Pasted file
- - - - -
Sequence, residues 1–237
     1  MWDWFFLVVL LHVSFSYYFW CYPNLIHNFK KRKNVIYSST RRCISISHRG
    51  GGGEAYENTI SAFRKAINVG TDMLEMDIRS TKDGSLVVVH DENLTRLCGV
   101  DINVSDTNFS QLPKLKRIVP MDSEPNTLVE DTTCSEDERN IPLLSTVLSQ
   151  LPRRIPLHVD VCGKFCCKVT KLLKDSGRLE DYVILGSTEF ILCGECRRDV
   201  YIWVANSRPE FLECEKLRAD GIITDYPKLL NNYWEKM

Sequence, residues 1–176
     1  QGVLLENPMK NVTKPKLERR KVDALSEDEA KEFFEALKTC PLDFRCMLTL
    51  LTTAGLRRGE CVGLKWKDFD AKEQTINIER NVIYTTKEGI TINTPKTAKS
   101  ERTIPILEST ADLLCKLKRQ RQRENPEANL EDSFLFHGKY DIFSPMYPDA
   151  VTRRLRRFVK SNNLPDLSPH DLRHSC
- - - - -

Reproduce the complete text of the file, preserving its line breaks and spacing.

Sequence, residues 1–237
     1  MWDWFFLVVL LHVSFSYYFW CYPNLIHNFK KRKNVIYSST RRCISISHRG
    51  GGGEAYENTI SAFRKAINVG TDMLEMDIRS TKDGSLVVVH DENLTRLCGV
   101  DINVSDTNFS QLPKLKRIVP MDSEPNTLVE DTTCSEDERN IPLLSTVLSQ
   151  LPRRIPLHVD VCGKFCCKVT KLLKDSGRLE DYVILGSTEF ILCGECRRDV
   201  YIWVANSRPE FLECEKLRAD GIITDYPKLL NNYWEKM

Sequence, residues 1–176
     1  QGVLLENPMK NVTKPKLERR KVDALSEDEA KEFFEALKTC PLDFRCMLTL
    51  LTTAGLRRGE CVGLKWKDFD AKEQTINIER NVIYTTKEGI TINTPKTAKS
   101  ERTIPILEST ADLLCKLKRQ RQRENPEANL EDSFLFHGKY DIFSPMYPDA
   151  VTRRLRRFVK SNNLPDLSPH DLRHSC